3D Printing and who actually owns the Means of Production.

Karl Marx

It’s really quite surprising how little attention 3D printing gets from the media, given the true scale of the extent to which it is about to change your life.

Admittedly, the technology is in its infancy, and we will no doubt look back on these early efforts, like the Makerbot line or the Cube as clumsy, awkward things, like the supercomputers that once filled whole rooms, but it is reaching some important milestones. Milestones that, once crossed, can’t be uncrossed.

To start with, the price point of the machines themselves is reaching the point where it is not unthinkable for the average consumer to already have one in their home. Makerbot’s top of the line models go for a little over 2000 dollars. And 3D scanners capable of immediately scanning an object and rendering it infinitely reproducible are getting infinitely cheaper. Some go for around 445 pounds. Alas, I can’t find the link to the particular example I have in mind, but if you can help out in the comments with links, please do.

Plus the software will eventually be, if it isn’t already, as easy to operate as Itunes.

I should concede that I’m writing from a place of ignorance about the actual technological processes by which this is done. I’m a historian. I’m totally blinkered when it comes to understanding science. (I’d also really appreciate being told where I’m wrong in the comments, as any knowledge is helpful.)

But if I’m right, and I suspect I am, you’ll soon think no more of printing things in three dimensions than you now think of printing in two. Probably within the decade.

When this technology reaches the point where the devices are simply household appliances, all manner of things will become possible.

There remain drawbacks. Most printers, as far as I know, only create models in certain substances, such as PVC plastic, or vinyl. Some substances can be cleverly imitated, like wood, but it is not yet possible to 3D print in gold, say, or stone, or rare earth metals, or any of the things you’d need to print off truly sophisticated electronics.

But a future where you can is not that far away. As I’ll explain in a follow-up post about asteroid mining.

Staying on topic though, what seems most exciting to me about the potential of 3D printing is that ultimately it democratizes the means of production.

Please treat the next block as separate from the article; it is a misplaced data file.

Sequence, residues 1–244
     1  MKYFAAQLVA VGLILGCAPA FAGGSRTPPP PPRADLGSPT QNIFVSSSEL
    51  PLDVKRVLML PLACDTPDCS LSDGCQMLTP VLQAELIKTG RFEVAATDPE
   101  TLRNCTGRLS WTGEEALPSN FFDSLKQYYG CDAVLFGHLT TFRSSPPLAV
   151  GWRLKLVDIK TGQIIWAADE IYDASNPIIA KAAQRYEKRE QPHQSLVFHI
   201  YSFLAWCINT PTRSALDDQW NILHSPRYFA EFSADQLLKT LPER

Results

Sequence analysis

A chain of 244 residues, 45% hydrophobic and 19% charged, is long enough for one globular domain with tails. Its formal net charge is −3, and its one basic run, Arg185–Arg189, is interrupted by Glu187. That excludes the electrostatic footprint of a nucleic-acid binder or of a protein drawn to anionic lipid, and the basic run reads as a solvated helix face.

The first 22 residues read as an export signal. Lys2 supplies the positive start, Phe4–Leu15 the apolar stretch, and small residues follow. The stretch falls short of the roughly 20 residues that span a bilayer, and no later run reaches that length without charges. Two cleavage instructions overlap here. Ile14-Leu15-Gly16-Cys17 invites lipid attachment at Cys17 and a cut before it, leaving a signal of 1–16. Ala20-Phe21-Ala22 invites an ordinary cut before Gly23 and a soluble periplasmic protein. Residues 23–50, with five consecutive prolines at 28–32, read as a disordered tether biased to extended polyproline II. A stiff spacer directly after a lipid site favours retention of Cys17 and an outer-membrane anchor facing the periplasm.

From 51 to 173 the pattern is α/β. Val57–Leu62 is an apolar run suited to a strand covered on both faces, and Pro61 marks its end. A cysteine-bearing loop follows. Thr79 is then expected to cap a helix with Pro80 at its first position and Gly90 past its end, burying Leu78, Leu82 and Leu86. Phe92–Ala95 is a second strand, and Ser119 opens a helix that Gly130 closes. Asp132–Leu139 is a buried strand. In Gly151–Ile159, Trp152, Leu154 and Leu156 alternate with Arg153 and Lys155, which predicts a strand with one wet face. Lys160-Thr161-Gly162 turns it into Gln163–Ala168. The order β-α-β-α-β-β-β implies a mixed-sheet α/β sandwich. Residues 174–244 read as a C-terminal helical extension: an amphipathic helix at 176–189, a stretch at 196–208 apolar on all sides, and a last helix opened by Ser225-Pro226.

Karl Marx probably correctly pointed to the relationship between organized capital and the means of production, or the ability to make things to sell, use, what have you. Because manufacturing has historically been expensive, huge amounts of capital are required to do it. Meaning, in effect, that the rich stay rich and the poor stay poor.

But Marx may, at last, no longer be relevant.

If we’re entering a world in which most household items can be manufactured quickly and easily at home, then industry as we’ve known it is kind of dead. It will no longer require prohibitive amounts of capital to be an economic player. Brilliance, speed, and efficiency will matter more. Entrenched wealth will become increasingly difficult to maintain.

It still feels reasonable, at the moment, for people to continue to own and control the algorithms that allow people to reproduce their creations. But effectively, if you can download an IPhone, say, what do you really care if you’re downloading the official Apple product? People have proven themselves to be unscrupulous in this regard.

How do we deal with this? I have no idea. But I’m looking forward to seeing the ramifications of this technology unfold as they happen.

It looks like the future is finally arriving.

One thought on “3D Printing and who actually owns the Means of Production.

  1. I give this blog post high Marx for insight.

    Until we get 3D printers that run on sunlight and atmospheric carbon, I think someone’s always going to be controlling the means of production through supply chain management.

    Our spiffy MakerBot 2022 won’t be able to print iPhone 12’s without a source of tantalum.

    Like

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